The concept of knowledge management has been around since the early '90s, but only recently has its role as a key to business success received widespread acceptance. Although many IT managers recognize the benefit of knowledge management, its value to smaller businesses isn't always as obvious. However, the importance of a knowledge-management solution is just as vital for small and midsize businesses.
The return on investment for knowledge-management technology is equally as relevant in small businesses as it is for multinational companies with hundreds of thousands of employees. Archiving, managing, and accessing knowledge is imperative to running an efficient organization, no matter what size.
But for many small and midsize businesses, implementing a knowledge-management strategy can seem a daunting task. Multiple questions arise: Where do I begin? What technology do I need? How do I ensure the success of my knowledge-management solution?
Knowledge that has an impact on your business strategy is broken down into two categories: tacit and explicit. Tacit knowledge is expertise that's difficult to document. It's knowledge stored in employees' minds, such as experiences with customers, which is often shared verbally but never captured electronically. Explicit knowledge is found in documents, databases, E-mails, and logged instant-message chats.
To successfully capture and utilize your organization's tacit and explicit knowledge, your knowledge-management strategy should do the following:
So what's the starting point? Small and midsize businesses should begin developing a knowledge-management solution by introducing collaborative systems that help employees take advantage of one another's expertise.
At a minimum, a knowledge-management solution for small and midsize businesses should incorporate collaboration, content-management, and search technologies. For medium-sized or more technologically savvy businesses, an advanced knowledge-management solution that uses both tacit and explicit knowledge boils down to six core areas: entry points, collaboration, document management, taxonomy and workflow, search, and expertise location.
Let's assume that most small and midsize businesses have one technology entry point already in place. Entry points indicate areas where employees access the technology supporting the knowledge-management initiative, such as a portal, a virtual workspace, or an E-mail environment. A company that has already identified appropriate entry points then should focus on sharing tacit knowledge.
This often leads to implementing collaborative technology, such as instant messaging, as well as a document-management system. Distributed organizations need to collaborate in meaningful ways and have a central location to store information. By making information, documents, and their authors easily accessible, companies can make quicker and better-informed business decisions and increase employee productivity.
Since smaller companies often have fewer resources, their employees can be faced with multiple responsibilities, making time a scarce commodity. When faced with a market demand, such as a request for proposal for a potential new customer, employees need to access information and resources as quickly as possible. A document-management system can ensure that employees are never searching for the most current version of a document or using older versions that may have incorrect information. A content-management system provides a virtual place to store all digital content, including audio and video files.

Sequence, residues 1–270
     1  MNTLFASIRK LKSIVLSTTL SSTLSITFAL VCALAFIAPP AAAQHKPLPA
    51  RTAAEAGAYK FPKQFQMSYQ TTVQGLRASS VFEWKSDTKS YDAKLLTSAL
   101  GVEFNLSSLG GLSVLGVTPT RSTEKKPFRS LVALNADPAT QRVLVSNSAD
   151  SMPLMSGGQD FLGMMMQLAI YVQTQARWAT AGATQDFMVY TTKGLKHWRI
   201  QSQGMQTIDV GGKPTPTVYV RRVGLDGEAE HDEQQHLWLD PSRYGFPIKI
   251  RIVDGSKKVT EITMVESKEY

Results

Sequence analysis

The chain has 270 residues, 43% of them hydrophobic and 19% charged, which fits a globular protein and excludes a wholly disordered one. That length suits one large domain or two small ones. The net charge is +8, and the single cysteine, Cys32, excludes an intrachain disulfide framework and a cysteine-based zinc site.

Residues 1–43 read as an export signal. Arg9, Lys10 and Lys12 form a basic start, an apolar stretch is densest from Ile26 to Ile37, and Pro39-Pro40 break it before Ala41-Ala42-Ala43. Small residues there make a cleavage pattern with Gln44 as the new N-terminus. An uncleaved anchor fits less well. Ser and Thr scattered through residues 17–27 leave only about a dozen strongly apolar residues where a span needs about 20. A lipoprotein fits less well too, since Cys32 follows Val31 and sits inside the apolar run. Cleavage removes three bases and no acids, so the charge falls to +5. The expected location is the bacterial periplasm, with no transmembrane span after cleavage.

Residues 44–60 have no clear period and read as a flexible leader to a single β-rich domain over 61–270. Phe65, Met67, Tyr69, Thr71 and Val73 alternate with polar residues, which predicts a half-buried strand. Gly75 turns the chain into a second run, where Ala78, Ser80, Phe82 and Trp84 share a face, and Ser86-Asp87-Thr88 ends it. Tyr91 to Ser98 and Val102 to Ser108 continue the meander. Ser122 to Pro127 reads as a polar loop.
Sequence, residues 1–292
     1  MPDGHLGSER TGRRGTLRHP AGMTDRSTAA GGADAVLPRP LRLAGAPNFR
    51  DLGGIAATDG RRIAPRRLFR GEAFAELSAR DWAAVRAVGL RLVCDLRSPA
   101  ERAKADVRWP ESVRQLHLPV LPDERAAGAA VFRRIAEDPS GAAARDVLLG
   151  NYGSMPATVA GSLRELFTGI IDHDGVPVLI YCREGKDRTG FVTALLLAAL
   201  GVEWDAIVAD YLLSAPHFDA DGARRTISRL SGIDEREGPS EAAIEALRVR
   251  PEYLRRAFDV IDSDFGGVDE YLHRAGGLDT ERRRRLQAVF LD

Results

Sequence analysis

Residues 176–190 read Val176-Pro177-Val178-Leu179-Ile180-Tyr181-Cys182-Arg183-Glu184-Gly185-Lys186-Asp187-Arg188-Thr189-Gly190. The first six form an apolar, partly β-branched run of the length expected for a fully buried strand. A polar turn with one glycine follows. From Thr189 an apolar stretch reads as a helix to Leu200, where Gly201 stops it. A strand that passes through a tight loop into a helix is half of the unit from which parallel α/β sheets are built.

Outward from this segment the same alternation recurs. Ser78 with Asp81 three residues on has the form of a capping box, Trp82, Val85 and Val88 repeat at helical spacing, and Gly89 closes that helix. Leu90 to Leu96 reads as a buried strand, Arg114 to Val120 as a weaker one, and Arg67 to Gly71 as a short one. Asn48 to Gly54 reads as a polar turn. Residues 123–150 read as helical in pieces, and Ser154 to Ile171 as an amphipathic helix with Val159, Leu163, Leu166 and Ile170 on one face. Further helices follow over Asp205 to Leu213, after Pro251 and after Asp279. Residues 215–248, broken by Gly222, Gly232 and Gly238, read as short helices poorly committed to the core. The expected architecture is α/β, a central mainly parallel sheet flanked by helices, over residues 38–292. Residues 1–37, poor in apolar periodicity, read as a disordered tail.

As the amount of content within a company increases, two specific needs arise:
The ability to organize this content using taxonomies and workflow. A taxonomy is a way to classify information resulting in a catalog or map of an organization's content. Once employees find the information they need, workflow can improve the quality of collaboration among employees by automating interactions between them. This is especially useful if employees are frequently traveling or out of the office.
The ability to search and locate answers or insights from this information. Whether searching the Web, documents, or databases or seeking insight into specific questions, a federated search solution can help employees easily access information stored in a company's file servers, databases, E-mail servers, and even the Web, from one location. Employees spend less time re-creating the wheel and more time conducting business.
Once a company has established a classification for stored content, it needs to focus on expertise location, which helps users pinpoint and collaborate with experts within their organizations. No matter how much information is available, effective business decisions require the input of other experienced people. When an employee has access to these experts, partners and customers receive improved responsiveness and service, while the organization reduces cycle times and ultimately achieves a competitive advantage.
In order to ensure the success of a knowledge-management strategy, company leadership needs to wholly support the implementation of the strategy. Strong leadership will identify possible challenges, enforce a change-management policy, and set metrics to measure the success of the implementation.
The best knowledge-management strategies are focused on solving a business problem and enabling that company to become an on-demand organization--one that's integrated, flexible, and responds with speed to customer demands and market opportunities. Those that follow a systematic methodology such as the one described here are the ones that achieve the highest return on their knowledge-management investments.
Antony Satyadas is program director of On Demand Workplace Industry Solutions at IBM.